Stranger Things surpasses Obi-Wan in streaming showdown and releases biggest US debut since March 2020, says Nielsen – Deadline

Advertisement

Stranger Things surpasses Obi-Wan in streaming showdown and releases biggest US debut since March 2020, says Nielsen - Deadline

The latest episodes of stranger thingswhich was released on Netflix the same day Obi Wan Kenobi Premiered on Disney+, the show racked up 5.1 billion minutes of US streaming in its first three days, according to Nielsen.

Obi Wan, with shorter and fewer episodes, got off to a slower start at around 1 billion minutes. Still, its debut was the biggest ever for Disney+, and it also made history as the first non-movie title to hit 1 billion minutes of viewership in its first week. (Marvel series Loki reached that threshold, but only after a handful of episodes had circulated.)

The numbers were collected during the week of May 23-29. The series debuted on May 27 in a head-to-head at the start of the long Memorial Day weekend, as Top Gun: Maverick also made his theatrical arc. Nielsen released the numbers for the two series today, a departure from its usual cadence of delivering streaming stats about a month later and generally on Thursdays. Netflix, which released its own weekly top 10 rankings for dozens of countries, had already anointed the latest stranger things Outing as his biggest English language series.

Season 4 rollout for stranger things is staggered, with the first seven episodes landing in May and the last two coming to the service in July. According to Nielsen, the show is only the third title ever to break 5 billion weekly viewing minutes, ranking 3rd behind Pandemic Favorites King of the Tigerswith 5.3 billion and ozarkat 5.2bn. These records were set during the intensity of the early Covid lockdowns in March 2020, when Netflix subscribers skyrocketed.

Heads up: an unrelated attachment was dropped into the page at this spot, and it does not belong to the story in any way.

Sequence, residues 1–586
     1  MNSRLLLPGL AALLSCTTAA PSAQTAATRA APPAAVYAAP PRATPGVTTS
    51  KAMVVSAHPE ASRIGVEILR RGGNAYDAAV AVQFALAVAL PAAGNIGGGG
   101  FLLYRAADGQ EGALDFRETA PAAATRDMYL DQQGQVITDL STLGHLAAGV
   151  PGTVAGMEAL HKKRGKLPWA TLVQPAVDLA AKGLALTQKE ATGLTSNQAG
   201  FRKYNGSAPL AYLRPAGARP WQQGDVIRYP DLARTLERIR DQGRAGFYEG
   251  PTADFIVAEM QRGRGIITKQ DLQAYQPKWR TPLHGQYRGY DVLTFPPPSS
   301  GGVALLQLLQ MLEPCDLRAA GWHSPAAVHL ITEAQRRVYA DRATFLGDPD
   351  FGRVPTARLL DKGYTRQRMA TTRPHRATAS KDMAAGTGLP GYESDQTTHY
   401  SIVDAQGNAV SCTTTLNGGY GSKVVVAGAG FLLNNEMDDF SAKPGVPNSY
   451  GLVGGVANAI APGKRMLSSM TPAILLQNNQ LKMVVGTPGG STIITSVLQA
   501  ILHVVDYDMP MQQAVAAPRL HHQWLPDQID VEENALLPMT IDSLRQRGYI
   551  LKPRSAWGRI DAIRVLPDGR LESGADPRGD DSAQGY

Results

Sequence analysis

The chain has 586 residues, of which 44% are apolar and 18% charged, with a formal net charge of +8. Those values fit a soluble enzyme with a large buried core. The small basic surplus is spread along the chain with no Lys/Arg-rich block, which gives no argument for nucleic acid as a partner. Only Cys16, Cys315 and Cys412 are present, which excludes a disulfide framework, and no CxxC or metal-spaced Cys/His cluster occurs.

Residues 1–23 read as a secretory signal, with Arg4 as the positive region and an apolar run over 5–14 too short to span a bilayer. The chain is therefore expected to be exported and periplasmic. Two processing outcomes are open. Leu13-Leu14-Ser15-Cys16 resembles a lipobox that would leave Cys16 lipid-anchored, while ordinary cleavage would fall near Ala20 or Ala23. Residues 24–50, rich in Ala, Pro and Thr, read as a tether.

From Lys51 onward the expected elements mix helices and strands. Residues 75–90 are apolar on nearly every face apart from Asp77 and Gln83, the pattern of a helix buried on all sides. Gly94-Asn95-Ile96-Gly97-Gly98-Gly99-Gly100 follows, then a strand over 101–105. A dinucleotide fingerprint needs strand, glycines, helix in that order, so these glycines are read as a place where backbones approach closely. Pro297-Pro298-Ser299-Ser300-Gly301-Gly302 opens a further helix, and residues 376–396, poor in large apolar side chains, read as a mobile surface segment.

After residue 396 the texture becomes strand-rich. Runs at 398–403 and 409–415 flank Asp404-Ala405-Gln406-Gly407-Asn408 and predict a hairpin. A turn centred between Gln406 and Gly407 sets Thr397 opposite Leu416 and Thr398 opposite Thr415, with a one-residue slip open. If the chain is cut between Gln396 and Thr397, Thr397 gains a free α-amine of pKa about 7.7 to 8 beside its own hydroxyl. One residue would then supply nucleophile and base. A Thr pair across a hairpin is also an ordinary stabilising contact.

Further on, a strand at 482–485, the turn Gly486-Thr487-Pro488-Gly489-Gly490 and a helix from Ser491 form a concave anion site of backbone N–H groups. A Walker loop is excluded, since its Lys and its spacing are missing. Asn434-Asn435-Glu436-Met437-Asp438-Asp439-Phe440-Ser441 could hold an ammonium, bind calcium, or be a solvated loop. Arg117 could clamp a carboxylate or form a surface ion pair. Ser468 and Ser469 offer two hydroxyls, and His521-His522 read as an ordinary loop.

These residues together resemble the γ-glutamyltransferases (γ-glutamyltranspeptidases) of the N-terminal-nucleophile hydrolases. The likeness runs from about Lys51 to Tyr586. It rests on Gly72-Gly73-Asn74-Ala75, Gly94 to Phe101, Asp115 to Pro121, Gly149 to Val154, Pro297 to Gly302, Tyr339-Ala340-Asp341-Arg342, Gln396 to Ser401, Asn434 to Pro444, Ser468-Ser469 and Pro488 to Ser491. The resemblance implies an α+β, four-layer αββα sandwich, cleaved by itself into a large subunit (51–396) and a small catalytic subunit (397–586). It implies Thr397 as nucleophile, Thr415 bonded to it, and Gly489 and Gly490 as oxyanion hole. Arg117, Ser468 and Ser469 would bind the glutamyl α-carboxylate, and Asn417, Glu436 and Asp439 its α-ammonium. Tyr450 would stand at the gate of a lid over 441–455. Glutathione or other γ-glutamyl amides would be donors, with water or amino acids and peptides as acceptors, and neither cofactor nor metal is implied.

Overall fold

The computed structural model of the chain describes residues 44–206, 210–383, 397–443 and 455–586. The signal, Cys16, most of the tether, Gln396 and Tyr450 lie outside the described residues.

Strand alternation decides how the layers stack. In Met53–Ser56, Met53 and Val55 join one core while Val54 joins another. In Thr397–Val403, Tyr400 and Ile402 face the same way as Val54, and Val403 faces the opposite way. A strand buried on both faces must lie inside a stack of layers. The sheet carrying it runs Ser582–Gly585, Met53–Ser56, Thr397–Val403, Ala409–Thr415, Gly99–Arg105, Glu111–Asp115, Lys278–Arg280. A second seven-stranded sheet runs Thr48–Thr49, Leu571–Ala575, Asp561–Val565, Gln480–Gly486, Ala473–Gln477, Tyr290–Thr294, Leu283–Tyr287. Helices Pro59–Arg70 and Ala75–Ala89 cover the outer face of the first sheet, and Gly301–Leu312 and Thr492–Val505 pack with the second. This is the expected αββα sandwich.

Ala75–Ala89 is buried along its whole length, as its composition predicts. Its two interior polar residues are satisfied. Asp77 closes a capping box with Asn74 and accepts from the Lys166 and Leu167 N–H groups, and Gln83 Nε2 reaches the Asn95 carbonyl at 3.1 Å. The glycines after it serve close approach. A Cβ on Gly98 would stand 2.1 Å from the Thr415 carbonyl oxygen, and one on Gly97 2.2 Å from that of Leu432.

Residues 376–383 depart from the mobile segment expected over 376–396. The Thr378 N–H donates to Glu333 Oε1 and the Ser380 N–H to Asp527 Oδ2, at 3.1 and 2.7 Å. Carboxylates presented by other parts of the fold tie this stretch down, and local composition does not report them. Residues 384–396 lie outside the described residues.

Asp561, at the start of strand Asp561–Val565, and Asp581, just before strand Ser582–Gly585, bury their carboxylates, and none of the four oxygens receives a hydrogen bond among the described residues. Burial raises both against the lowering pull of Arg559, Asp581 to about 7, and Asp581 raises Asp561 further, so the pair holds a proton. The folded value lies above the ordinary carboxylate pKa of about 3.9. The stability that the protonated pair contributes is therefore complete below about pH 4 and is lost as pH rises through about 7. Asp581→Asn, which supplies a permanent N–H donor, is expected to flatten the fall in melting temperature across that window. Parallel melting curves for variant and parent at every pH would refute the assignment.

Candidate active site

The current episodes of the 4th season of stranger things according to Nielsen, accounted for 4 billion of the total of 5.1 billion minutes.

Even with the split premiere pattern, a notable departure from Netflix’s defining binge release model, comparing the two series is a complicated process. It’s also worth noting that the stats that matter most in the overall streaming competition are those related to subscriber counts and average revenue per user. In the traditional media era, linear overnight or box office ratings were relied upon as universal indicators (limited as they were) of expected financial outcomes. In the streaming age, it’s all about individual titles whether they motivate customers to sign up for a service or extend their viewing time.

In terms of total minutes available stranger things has 32 episodes of its full run, compared to just the first two for Obi Wan. (Disney has mostly stuck to a more traditional one or two episode-at-a-time release model, and many of its Marvel and war of stars Spinoffs have more economical runtimes, another downside in the Nielsen metric of overall viewing.

To provide a more meaningful head-to-head comparison, Nielsen isolated the performance of each season’s first episode on their respective streaming services. (See charts below.) Through this lens, Friday’s first episode of will be viewed Obi Wan Kenobi 4% seen more than stranger things, with a total of 6.2 million viewers compared to 6 million. (Disney also pushed back the time when the series went live, compared to their usual Friday toggle.)

For the full three-day weekend, however, first of all stranger things episode pulled out Obi Wan12.7 million viewers to 11.2 million.

Since 2020, Nielsen has tracked weekly streaming in the US and now monitors five services: Netflix, Amazon Prime Video, Apple TV+, Disney+, and Hulu. Other new players like HBO Max, Peacock and Paramount+ are not included in the weekly numbers.

Both Netflix and Disney are hungry for new hits while struggling with streaming. After two quarters of weakness in a row, including an April report of its first loss of subscribers in more than a decade last April and a bleak outlook for the current quarter, Netflix has lost more than two-thirds of its value. Disney’s shares have also come under pressure despite a massive rebound in its theme park business as Wall Street takes a fresh look at streaming.

You May Also Like